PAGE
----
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Meet Sid Gilman: The Doctor Involved in a $276 Million Insider Trading Case


A complaint against SAC Capital firm points to a vulnerable medical system, expert networks, and an unscrupulous fund manager. Here's the wrong way to make money off a failed drug trial.

MINYANVILLE ORIGINAL Dr. Sid Gilman is a distinguished expert in neurology. Practicing and researching medicine for six decades, he's the former chair of the University of Michigan neurology department and has published almost 400 scientific papers. He's also a cooperating government witness after being charged in what the feds say is the biggest insider trading case in US history.

Gilman provided hedge fund manager Mathew Martoma insider information that helped a division of SAC Capital net $276 million in ill-gotten gains, according to a Securities and Exchange Commission lawsuit. As head of the safety monitoring committee overseeing a 2008 human trial of an experimental Alzheimer's drug bapineuzumab, Gilman had access to confidential information that he ultimately gave to Martoma, the feds say. Martoma's firm CR Intrinsic was invested in two publicly traded companies developing the drug, Elan (NYSE:ELN) and Wyeth -- now part of Pfizer (NYSE:PFE). CR Intrinsic is owned by SAC Capital, the hedge fund founded by billionaire Steven A. Cohen.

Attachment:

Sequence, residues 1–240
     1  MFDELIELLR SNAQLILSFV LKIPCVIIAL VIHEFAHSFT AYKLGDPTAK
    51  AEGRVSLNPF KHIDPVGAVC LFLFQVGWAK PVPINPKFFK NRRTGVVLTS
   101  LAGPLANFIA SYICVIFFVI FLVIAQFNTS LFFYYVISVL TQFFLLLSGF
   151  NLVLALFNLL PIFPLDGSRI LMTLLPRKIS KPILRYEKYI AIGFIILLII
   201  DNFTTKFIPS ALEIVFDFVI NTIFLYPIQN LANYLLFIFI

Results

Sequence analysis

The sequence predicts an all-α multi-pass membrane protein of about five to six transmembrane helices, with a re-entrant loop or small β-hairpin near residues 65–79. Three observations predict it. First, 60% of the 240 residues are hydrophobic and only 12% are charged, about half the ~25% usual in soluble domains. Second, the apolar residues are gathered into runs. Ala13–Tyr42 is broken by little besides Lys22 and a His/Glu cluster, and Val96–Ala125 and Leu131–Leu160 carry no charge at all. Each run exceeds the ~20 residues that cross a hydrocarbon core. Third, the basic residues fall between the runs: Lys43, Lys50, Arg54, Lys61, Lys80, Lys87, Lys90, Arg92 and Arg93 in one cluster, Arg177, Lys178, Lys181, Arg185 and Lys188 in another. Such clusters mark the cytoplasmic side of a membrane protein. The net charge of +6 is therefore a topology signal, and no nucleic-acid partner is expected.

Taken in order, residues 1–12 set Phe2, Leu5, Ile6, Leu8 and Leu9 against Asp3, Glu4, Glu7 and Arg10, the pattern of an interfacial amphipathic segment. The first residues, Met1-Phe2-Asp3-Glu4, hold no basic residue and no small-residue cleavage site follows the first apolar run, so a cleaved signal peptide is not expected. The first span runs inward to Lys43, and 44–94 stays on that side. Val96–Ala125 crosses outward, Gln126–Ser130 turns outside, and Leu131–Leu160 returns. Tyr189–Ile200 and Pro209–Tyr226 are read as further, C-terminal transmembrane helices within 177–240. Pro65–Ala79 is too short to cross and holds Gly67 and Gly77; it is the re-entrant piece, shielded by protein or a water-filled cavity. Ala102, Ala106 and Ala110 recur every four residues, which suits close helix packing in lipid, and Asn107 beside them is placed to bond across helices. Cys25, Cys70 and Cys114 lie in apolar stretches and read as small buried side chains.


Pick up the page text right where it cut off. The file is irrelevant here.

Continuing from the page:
Using Gilman's tip that the drug trial was going to yield negative results, Martoma allegedly was responsible for the firm selling hundreds of millions of dollars in Elan and Wyeth stock in 2008. CR Intrinsic also shorted the two stocks, according to the complaint. The repositioning allowed CR Intrinsic to reap about $82 million in profit and avoid losses of $194 million, the complaint says.

The case says a lot about the unscrupulous behavior of an investment firm, but it also points to the vulnerability of the years-long clinical trial process in drug development that entrusts expert doctors with highly sensitive market-moving information. Like individuals dealing with confidential information in public companies, the medical community is expected to keep a lid on the carefully controlled scientific findings of these human studies.

"It does cause pause for concern over integrity of the system," says drug and biotech industry consultant Michael Becker.

Gilman is cooperating with the SEC and the US Attorney for the Southern District of New York. He's agreed to settle with the SEC and won't be prosecuted by the federal prosecutors but will pay $234,000. Gilman was paid more than $100,000 for his tips to Martoma, the feds say. Gilman was a medical consultant for a New York-based expert network firm, which arranged the contract with Martoma. Gilman was also a consultant for Elan, which paid him $79,000 in 2007 and 2008 for advice on the Alzheimer's drug, according to the feds.

Gilman couldn't be reached for comment.

The news was the second announcement in two days involving insider trading accusations involving drug companies. On Monday, the SEC announced a complaint against employees at Celgene (NASDAQ:CELG), Sanofi (NYSE:SNY) and medical device manufacturer Stryker (NYSE:SYK).

Twitter: @brettchase

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